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Should I Risk Another In-Store Event and More of Your Questions Answered

Such as, what’s better for a billboard – a smaller local road or a major arterial route?




stressed woman cover eyes with hands

An employee keeps telling me she is frustrated with different aspects of her job. How do I respond?

Start with her. Ask her what she thinks the answer is. If that doesn’t yield anything helpful or realistic, ask her to come up with three lists made up of:

  • The good stuff. The part of the job that makes her feel worthy, satisfied or accomplished.
  • The everyday parts of the job — those things that don’t suck and are part of pulling a paycheck.
  • The “Ugh, I hate this!” stuff that is frustrating her.

Put these into three buckets and then find ways, together, to spend 10% less time on the “ugh” stuff in Bucket C and increase by 10% time spent on the engaging activities in Bucket A. Of course, sometimes she’s just going to have to suck it up and do the ugh jobs but at least you’ve gone the extra yard. The point of this exercise isn’t to pander to your staff. People do better jobs when they’re doing what energizes them. You may be surprised what excites an individual.

We tried our hand at an in-store event but the results were disappointing. I’m worried a second poor event will hurt our store’s reputation and staff morale.

There is a line of thought that there is nothing worse than first-time success, because you’ll never know why you succeeded. Ergo, failure is good — IF you learn from it. “Many retailers create exciting in-store promotions but fail to get their staff behind the effort, or they fail to track the results by finding out what brought the customer in during the time period or most importantly they didn’t fully execute on the promotion,” says James Porte of Porte Marketing. If you haven’t done it yet, sit down with staff and review what was good, what didn’t work and how you could have improved the event. Then, give it another shot based on what you have learned.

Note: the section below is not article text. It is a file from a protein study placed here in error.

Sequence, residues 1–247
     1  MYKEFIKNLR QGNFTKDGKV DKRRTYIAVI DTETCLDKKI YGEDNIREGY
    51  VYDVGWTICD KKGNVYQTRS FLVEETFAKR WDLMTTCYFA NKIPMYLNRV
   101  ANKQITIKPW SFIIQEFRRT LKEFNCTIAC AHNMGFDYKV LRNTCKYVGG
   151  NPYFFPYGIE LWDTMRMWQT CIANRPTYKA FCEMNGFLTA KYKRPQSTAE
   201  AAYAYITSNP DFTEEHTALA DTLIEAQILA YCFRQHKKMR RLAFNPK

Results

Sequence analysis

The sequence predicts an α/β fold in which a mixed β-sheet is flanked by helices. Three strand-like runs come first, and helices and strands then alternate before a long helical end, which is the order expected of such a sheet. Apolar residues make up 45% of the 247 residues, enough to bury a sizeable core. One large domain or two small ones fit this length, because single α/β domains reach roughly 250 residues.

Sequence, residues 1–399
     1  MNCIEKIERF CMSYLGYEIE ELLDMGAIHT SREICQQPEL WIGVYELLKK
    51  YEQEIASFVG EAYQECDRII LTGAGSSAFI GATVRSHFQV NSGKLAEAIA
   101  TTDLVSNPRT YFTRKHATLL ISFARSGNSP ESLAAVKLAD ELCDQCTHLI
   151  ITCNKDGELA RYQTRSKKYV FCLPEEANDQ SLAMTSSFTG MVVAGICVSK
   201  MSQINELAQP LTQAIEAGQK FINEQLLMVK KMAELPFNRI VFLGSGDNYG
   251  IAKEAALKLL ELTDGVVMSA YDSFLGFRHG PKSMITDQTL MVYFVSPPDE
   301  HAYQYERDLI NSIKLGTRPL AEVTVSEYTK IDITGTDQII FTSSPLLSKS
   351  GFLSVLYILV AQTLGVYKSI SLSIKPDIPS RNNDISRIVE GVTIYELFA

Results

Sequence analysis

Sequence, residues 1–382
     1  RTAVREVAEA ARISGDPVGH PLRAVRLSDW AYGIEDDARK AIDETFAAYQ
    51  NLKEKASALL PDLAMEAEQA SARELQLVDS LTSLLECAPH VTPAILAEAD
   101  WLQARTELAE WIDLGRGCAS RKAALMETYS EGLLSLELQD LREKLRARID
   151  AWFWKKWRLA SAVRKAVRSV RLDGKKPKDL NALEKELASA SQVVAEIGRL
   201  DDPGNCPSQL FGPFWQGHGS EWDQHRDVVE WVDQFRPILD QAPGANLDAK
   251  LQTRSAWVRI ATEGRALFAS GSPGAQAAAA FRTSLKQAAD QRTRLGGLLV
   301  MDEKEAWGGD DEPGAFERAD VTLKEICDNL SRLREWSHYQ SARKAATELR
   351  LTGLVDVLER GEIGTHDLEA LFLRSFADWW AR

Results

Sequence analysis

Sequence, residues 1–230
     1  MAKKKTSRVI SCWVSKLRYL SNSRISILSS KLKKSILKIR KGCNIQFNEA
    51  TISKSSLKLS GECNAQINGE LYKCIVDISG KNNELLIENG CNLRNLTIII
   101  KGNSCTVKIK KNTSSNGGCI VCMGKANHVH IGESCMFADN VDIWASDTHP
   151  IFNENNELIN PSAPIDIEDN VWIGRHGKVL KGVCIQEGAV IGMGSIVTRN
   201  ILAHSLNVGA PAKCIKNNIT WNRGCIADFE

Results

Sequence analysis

What’s the best approach to a customer who wants something you don’t have?

Tell them where they can get it — but try to sow some doubts first. This may be an uphill battle if it’s a brand-name item they’re after but go ahead and ask what it was about the frame that they liked and offer to find them something similar. (Let’s say you don’t stock Ray-Bans, in that case, offer to show them Blenders or Carrera or SALT.) You never know, they may just fall in love with it. As a last resort if you can’t provide it, tell them where they can get it, because that’s part of your job. “It’s the professional thing to do if you can’t turn it around,” says sales trainer Shane Decker.

What’s the best way to deliver a bad employee review?

David Bentley coined the term “naked leadership” to promote the idea of totally honest management and stripping away the emotional hang-ups of giving negative feedback. In terms of handing down a less-than-positive performance review, that means:

  • Just do it. No sugar coating. No mixed messages. Make it clear you’re criticizing a result or action, not the person.
  • Stay on target. You’re doing this to identify and fix a problem.
  • Keep it simple, objective and sincere. Insincere feedback is a waste of everyone’s time and it detracts from your credibility.

This is about business and behaviors. It’s not about you and whether you’re a nice person, it’s about the team and improving the performance of your store. Keep that idea in your head and it will make the process much more useful for all.

I’m looking at two billboard sites. One is on an arterial road with very high traffic numbers and the other a smaller road that gets more local traffic.

Don’t be fooled by traffic numbers, warns the Wizard Of Ads Roy Williams. “High traffic doesn’t always mean high visibility. These are the pivotal questions: 1. How many people drive past here each day? 2. Are they mostly the same people each day driving to and from work or is this a twice-a-month artery for a much larger population?” he says. The first option is often the best because it reinforces your message daily and builds “top-of-mind” awareness, he says.



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